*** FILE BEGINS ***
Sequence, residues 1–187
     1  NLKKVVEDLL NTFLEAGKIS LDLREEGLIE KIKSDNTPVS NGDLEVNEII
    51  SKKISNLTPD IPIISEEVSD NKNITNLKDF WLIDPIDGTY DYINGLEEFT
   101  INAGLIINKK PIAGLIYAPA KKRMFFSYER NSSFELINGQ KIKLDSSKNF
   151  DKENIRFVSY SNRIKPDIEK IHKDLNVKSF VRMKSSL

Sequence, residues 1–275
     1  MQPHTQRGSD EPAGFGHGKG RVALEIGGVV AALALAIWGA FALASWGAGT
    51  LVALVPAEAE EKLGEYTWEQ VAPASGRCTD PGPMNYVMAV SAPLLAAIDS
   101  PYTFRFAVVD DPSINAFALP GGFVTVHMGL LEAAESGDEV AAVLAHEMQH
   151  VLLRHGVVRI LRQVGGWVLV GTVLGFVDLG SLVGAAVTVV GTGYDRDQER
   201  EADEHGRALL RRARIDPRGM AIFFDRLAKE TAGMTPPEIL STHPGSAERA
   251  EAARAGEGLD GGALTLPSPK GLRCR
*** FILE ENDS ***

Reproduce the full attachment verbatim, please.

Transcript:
Sequence, residues 1–187
     1  NLKKVVEDLL NTFLEAGKIS LDLREEGLIE KIKSDNTPVS NGDLEVNEII
    51  SKKISNLTPD IPIISEEVSD NKNITNLKDF WLIDPIDGTY DYINGLEEFT
   101  INAGLIINKK PIAGLIYAPA KKRMFFSYER NSSFELINGQ KIKLDSSKNF
   151  DKENIRFVSY SNRIKPDIEK IHKDLNVKSF VRMKSSL

Sequence, residues 1–275
     1  MQPHTQRGSD EPAGFGHGKG RVALEIGGVV AALALAIWGA FALASWGAGT
    51  LVALVPAEAE EKLGEYTWEQ VAPASGRCTD PGPMNYVMAV SAPLLAAIDS
   101  PYTFRFAVVD DPSINAFALP GGFVTVHMGL LEAAESGDEV AAVLAHEMQH
   151  VLLRHGVVRI LRQVGGWVLV GTVLGFVDLG SLVGAAVTVV GTGYDRDQER
   201  EADEHGRALL RRARIDPRGM AIFFDRLAKE TAGMTPPEIL STHPGSAERA
   251  EAARAGEGLD GGALTLPSPK GLRCR